[ Applause ]
And now, it is my great pleasure to introduce the 13th President of the University of Michigan, Mary Sue Coleman.
[ Applause ]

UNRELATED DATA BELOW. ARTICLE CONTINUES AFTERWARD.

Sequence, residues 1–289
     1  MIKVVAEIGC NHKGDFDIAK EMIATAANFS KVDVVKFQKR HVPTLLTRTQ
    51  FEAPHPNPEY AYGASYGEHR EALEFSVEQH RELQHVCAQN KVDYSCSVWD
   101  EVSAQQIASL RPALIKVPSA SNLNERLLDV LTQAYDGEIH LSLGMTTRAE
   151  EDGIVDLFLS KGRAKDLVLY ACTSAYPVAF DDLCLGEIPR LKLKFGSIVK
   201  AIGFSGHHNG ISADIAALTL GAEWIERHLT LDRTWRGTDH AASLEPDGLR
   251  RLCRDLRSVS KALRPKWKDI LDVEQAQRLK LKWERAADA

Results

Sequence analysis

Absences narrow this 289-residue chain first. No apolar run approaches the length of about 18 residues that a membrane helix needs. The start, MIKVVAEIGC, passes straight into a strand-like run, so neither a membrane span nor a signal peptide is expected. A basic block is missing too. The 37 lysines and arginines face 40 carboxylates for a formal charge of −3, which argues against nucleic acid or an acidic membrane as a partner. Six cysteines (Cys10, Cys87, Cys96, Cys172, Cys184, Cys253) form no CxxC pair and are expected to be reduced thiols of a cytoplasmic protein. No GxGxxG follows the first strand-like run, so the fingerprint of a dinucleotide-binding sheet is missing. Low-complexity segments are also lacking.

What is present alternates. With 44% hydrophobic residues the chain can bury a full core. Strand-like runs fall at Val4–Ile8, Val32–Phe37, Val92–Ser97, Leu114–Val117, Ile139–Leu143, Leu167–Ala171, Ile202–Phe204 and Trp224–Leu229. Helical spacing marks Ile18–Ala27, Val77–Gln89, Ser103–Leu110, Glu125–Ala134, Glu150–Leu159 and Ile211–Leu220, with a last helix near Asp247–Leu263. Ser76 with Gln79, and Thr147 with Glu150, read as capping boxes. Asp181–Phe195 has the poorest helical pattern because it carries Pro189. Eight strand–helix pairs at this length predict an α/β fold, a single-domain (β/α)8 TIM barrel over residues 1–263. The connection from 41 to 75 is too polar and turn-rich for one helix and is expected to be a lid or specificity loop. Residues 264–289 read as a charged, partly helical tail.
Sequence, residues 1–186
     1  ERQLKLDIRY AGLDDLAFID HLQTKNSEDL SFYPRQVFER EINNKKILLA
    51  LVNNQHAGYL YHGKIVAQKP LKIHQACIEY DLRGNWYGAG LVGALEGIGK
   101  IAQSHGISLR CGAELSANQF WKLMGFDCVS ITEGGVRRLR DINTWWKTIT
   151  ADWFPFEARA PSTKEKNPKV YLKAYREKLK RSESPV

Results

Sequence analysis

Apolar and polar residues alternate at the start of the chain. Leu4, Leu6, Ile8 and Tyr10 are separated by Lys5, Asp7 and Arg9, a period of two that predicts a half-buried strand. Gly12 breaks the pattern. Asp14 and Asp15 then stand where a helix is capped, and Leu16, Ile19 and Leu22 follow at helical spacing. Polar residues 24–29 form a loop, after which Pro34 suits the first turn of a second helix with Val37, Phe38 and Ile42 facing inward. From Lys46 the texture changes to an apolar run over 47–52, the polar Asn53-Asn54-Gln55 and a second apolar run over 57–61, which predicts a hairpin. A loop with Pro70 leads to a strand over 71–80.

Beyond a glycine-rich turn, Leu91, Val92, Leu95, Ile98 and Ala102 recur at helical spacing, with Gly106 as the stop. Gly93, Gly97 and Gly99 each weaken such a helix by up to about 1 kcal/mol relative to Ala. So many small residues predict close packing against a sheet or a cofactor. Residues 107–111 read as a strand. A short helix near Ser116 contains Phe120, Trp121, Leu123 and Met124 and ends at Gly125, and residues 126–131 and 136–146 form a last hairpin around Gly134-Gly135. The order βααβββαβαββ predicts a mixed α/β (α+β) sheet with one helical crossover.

>> Well, thank you Susan and thank you for your leadership of the Ford School.  It's a great honor to take part in this joyful celebration of Betty Ford's life and legacy.  Throughout her life as a professional dancer, wife and mother, first lady champion of the arts, an advocate for women's health and equality.  Betty Ford displayed a confect in an infectious spirit of candor and courage.  She once described herself as an ordinary woman who was cold on stage at an extraordinary time.  The grim circumstances that led to Congressman Ford becoming vice president in 1973 and then president in 1974 after Richard Nixon resigned shocked the country.  It was arguably our nation's most significant constitutional threat since the Civil War.  Fortunately for us, Betty Ford proved to be an extraordinary woman and a strong player on the Ford team working together to restore trust in government following Watergate.  President and Mrs. Ford helped the nation heal.  In his inaugural address, President Ford said, "I am indebted to no man and to one woman, my dear wife Betty, as I begin this difficult job."  Mrs. Ford exercised her influence and successfully lobbied her husband to appoint more women to key roles in government.  President Ford once said, he had little choice, appointing women was the best way to keep me out of the dog house with Betty.  Speaking at the 1976 Republican Convention, Cary Grant told delegates, "It would be good for women to be there--it would be good for women if there were four more years of pillow talk in a Ford White House.  Mrs. Ford once said, "I don't like to be dishonest.  So when people asked me, I said what I thought and speak," she did.  She was truthful with the American people about such sensitive topics, at sexuality, women's rights and addiction.  Her frankness about breast cancer encouraged millions of women to see their doctors.  Perform monthly exams and get mammograms.  Through interviews, press conferences and public appearances, Mrs. Ford elevated the visibility and awareness of women's roles in the world and their right to be treated as equal.  A career woman, before marrying a handsome Michigan graduate name Jerry Ford, Betty was a quick study when it came to politics.